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Nuclear industry has blunted progress on energy efficiency, renewables

Adam Auster, Precinct 3 Town Meeting member, wrote the following letter, which is republished from the July 25 Boston Globe with the author's permission. The writer was the field director for the Clamshell Alliance, an antinuclear organization founded in 1976 to oppose the Seabrook nuclear power plant, from 1982 to 1984.


The heart of former state environmental affairs secretary (and onetime Seabrook nuclear plant protester) John DeVillars is surely in the right place. But his arguments in favor of nuclear power plants do not reflect the impact that another round of nuclear subsidies would have on the growth of renewable energy (“Part of the solution to climate change is nuclear power,” Opinion, July 18).

Faced with the existential threat of our climate emergency, it is tempting to accept the costs of nuclear power, including environmental hazards, security risks, and even periodic catastrophes, as necessary and lesser evils. Historically, however, nuclear has been inimical to energy efficiency and renewable energy. Fossil fuel use grew dramatically during the nuclear period, during which utility companies actively resisted efficiency and solar development.

My colleagues in the antinuclear movement considered nuclear power to be the greatest obstacle to the development of renewables, which threatened the companies’ centralized business model. The destruction of this model opened the door to Mass Save and to the renewable energy credits that are fueling the rapid development and deployment of photovoltaics.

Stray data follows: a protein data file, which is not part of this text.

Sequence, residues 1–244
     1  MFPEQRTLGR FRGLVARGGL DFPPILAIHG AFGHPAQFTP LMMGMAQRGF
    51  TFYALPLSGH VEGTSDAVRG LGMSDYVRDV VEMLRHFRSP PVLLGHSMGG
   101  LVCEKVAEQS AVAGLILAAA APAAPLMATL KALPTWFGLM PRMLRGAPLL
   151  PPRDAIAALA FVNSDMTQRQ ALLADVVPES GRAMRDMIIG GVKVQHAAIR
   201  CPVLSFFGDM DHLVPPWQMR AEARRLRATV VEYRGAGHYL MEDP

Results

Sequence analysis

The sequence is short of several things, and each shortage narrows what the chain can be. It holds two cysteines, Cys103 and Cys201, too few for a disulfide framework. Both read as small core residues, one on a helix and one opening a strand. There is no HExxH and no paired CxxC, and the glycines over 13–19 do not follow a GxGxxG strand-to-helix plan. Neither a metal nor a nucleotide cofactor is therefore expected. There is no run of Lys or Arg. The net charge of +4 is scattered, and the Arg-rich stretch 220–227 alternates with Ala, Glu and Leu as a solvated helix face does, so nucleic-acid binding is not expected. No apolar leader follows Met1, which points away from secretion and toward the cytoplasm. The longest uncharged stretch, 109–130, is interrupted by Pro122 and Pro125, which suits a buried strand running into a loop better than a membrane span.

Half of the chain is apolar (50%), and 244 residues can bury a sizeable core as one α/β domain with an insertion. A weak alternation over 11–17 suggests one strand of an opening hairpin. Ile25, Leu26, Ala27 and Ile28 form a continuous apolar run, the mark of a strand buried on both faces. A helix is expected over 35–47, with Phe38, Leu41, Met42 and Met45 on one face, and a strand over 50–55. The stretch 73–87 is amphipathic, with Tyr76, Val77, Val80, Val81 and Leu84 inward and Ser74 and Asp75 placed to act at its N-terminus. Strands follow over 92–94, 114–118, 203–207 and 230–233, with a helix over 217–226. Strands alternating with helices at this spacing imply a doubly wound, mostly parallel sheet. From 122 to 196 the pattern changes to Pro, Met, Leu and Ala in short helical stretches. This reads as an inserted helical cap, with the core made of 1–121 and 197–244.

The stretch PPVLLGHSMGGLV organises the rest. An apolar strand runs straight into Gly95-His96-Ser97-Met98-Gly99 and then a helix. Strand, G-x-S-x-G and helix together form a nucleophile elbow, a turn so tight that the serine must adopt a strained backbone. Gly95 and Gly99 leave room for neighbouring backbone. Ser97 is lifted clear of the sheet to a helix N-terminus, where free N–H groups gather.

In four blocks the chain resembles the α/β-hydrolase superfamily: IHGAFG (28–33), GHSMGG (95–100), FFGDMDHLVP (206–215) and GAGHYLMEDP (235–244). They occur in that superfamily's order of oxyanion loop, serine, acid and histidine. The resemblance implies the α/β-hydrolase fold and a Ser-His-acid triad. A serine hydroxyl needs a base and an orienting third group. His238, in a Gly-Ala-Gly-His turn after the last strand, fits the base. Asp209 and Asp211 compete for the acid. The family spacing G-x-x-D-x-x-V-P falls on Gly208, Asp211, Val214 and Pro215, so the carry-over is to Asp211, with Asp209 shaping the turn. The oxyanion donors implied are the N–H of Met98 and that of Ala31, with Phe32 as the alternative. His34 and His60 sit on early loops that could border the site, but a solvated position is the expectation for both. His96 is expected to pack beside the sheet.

There is little reason to believe this impact has changed. In California, a proposal to extend the life of the Diablo Canyon Nuclear Plant threatens to undermine the economics of rooftop solar. In Ohio, legislation to bail out the Davis-Besse and Perry nuclear plants was used to keep the Sammis coal plant operating after what had been its planned retirement in 2020. The Ohio bailout also cut efficiency and renewables.

Abstract comparisons of the relative risks of climate vs. nuclear are only part of the story. In the real world, nuclear choices have consequences for the political, economic, and financial systems that will determine our survival. By focusing on the former, and ignoring the latter, DeVillars and other smart people of integrity are, regrettably, missing a forest of climate jeopardy for the trees.

This letter was republished Monday, July 25, 2022.

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